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Mark Twain Letters go online

 Mark Twain
Mark Twain
 

– Author Samuel Langhorne Clemens - a.k.a. Mark Twain - may have been only as high-tech as the typewriter, but the University of California, Berkeley's Mark Twain Project is taking him into the 21st century by electronically publishing his letters.

The project, housed in the Mark Twain Papers of The Bancroft Library, is making five volumes of Twain's letters from 1876-1880 available online in a page-by-page format via Palo Alto-based "ebrary," and as downloadable e-books through the University of California Press. UC Press is making the e-books available this month through Amazon.com and eventually through other outlets.
Many of the more than 700 letters in the new electronic edition have never been in print in book form before.

Viewing "Mark Twain's Letters, 1876-1880: An Electronic Edition" through ebrary's website discover.ebrary.com is free to account holders, but there is a 25-cents per page charge for printing. The e-books cost $9.95 each.

"Moving into the electronic arena is a big, big step for us," said Anh Bui, associate editor with the Mark Twain Project. "The electronic edition departs from our print edition in significant ways that allow us to issue it more quickly than we have our print edition."

On file for scholars' review at the Mark Twain Papers inside The Bancroft Library are approximately 11,000 letters by Twain or members of his immediate family, plus more than 17,000 letters written to Twain or his family members.

Through UC Press, the project has published at two- to five-year intervals six heavily annotated print volumes of Twain's letters, starting with those written in 1853 and continuing through 1875. The electronic edition follows fast on the heels of the latest print volume, which was issued last November.

"Chronologically, this edition continues where our print edition of 'Mark Twain's Letters, Volume 6,' leaves off," Bui said.

Online publication of Twain's letters makes them available sooner than possible with the annotated, print versions. Because they are searchable, using them is not as clumsy as maneuvering through the project's microfilm records, she said.

"It doesn't have any of the editorial bells and whistles that the print versions do, so it's not ideal," said Bui. "But you don't need to wait years to see the latest letters."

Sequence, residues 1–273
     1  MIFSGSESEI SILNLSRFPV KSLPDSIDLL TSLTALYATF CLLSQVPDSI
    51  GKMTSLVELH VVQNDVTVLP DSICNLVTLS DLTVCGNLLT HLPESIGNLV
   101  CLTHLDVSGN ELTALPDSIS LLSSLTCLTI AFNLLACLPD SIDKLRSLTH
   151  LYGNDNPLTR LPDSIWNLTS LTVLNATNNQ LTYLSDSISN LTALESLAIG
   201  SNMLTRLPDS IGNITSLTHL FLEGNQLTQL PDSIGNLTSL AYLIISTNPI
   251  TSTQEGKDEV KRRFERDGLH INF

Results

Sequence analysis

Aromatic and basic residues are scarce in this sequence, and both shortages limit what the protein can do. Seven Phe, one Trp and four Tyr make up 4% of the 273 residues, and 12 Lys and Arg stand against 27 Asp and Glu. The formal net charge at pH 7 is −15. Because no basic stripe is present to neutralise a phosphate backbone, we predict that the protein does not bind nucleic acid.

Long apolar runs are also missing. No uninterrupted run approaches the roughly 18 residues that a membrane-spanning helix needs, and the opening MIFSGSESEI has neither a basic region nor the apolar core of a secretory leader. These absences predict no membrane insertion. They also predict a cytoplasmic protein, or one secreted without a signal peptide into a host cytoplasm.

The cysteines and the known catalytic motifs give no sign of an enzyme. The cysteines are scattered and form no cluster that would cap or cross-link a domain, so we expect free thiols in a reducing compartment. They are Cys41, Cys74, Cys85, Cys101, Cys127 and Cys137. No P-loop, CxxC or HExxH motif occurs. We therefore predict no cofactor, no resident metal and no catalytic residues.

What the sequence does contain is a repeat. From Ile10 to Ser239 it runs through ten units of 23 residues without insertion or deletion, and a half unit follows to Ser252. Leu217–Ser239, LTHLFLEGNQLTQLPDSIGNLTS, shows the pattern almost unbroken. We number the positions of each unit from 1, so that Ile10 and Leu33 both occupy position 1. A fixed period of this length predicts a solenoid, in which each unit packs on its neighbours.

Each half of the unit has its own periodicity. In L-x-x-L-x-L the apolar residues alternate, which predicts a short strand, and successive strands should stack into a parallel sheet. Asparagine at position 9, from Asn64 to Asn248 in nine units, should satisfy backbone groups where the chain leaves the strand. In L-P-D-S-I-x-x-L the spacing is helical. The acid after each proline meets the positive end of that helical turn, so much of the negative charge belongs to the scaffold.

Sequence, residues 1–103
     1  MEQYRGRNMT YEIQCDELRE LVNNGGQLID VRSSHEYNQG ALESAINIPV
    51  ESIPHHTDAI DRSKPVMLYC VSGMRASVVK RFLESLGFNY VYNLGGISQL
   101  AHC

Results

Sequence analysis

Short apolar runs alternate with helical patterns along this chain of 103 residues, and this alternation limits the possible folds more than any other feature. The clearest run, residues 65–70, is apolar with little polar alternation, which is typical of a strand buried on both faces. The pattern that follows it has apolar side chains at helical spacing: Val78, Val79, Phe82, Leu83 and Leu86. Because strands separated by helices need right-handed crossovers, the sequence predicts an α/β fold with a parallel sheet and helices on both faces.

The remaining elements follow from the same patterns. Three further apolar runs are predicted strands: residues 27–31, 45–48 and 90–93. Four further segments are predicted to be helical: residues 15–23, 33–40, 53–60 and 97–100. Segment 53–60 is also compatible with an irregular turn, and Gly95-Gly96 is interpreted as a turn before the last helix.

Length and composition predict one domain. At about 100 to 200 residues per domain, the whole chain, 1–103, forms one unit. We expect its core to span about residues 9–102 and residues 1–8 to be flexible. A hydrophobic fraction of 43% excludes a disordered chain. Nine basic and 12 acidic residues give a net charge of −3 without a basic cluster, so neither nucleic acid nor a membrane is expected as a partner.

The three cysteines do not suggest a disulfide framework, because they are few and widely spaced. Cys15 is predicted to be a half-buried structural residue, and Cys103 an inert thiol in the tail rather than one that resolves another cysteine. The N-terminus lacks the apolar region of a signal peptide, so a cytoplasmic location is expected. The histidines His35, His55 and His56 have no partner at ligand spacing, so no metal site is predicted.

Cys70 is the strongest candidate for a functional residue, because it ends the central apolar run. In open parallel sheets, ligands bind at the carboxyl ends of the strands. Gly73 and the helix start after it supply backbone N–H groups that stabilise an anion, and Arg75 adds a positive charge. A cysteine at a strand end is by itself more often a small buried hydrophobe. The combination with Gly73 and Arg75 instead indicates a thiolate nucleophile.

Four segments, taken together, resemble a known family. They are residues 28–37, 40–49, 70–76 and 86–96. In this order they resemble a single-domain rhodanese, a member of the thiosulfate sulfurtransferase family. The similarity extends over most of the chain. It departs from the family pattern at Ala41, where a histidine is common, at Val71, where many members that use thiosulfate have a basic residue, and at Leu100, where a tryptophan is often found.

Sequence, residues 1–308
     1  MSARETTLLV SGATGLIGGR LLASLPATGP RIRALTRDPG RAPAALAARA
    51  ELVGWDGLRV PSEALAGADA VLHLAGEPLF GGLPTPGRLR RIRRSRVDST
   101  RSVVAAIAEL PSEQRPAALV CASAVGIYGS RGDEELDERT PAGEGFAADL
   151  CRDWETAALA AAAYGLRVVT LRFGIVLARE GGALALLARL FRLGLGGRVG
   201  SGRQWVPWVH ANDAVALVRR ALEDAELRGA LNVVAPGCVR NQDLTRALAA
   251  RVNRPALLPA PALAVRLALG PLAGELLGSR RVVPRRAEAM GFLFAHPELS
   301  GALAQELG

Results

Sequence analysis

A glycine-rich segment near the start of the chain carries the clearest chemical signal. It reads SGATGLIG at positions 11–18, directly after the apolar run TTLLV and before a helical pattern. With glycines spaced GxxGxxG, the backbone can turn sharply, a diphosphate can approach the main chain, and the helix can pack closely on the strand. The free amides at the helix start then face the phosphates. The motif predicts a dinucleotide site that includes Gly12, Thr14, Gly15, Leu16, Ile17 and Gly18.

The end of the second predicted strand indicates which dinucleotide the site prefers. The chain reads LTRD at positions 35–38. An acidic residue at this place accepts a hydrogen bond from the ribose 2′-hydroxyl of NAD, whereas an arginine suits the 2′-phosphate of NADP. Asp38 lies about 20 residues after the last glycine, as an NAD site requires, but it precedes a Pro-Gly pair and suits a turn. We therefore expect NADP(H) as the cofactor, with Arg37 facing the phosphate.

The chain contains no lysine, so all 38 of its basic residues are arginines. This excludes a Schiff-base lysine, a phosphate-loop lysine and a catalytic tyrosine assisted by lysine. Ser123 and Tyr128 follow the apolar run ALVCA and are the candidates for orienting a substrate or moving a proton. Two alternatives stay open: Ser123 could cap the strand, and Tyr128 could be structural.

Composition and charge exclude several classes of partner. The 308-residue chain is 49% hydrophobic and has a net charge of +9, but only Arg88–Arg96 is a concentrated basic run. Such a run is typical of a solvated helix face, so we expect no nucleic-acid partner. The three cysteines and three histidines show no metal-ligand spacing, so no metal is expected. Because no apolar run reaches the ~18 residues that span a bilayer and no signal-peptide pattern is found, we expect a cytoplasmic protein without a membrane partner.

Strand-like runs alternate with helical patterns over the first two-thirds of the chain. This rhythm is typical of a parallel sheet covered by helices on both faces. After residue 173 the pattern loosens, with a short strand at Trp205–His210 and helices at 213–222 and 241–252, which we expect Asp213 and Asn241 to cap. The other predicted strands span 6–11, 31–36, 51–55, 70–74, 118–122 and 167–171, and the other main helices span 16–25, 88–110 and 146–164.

Robert H. Hirst, general editor of the Mark Twain Project, also said that the electronic edition will reach more readers.

"Electronic publication allows us not only to publish more rapidly, but also to reach a far larger audience than our books are likely to reach otherwise," he said. "We know that the world is eager to have more of what Mark Twain actually wrote, and we're confident that it will be glad to have these letters - now carefully transcribed and dated - available."

Mark Twain Project editors will be interested, Bui said, to see if users of the online feature are willing to spend money for access to the latest bare bones batch of letters, and if they get frustrated by reading a letter without being able to read its editorial explanations.

The electronic edition of "Mark Twain's Letters, 1876-1880" is the first of several major digital undertakings planned by the project.

This fall, the project will join with UC Press and the California Digital Library to announce a collaborative effort to make the best Mark Twain resources available digitally online. The upcoming Mark Twain Digital Project will aim to provide unprecedented access to Twain's private and public writings, along with supplementary material about his life and times.

The Mark Twain Project has a $500,000 grant from the National Endowment for the Humanities (NEH) to electronically transcribe all of Twain's letters and encode them in an open-source encoding scheme, then find a way to present them digitally along with annotation and commentary. The ebrary and e-book project uses some of the transcriptions made for the NEH task.

The Mark Twain Papers includes the world's largest collection of Twain's letters, notebooks, pictures, literary manuscripts, documents, scrapbooks and an autobiography of Twain's, along with about 150 books from his personal library. This fall, the project is scheduled to publish a scholarly edition of "Adventures of Huckleberry Finn," the first ever based on Twain's original, complete manuscript.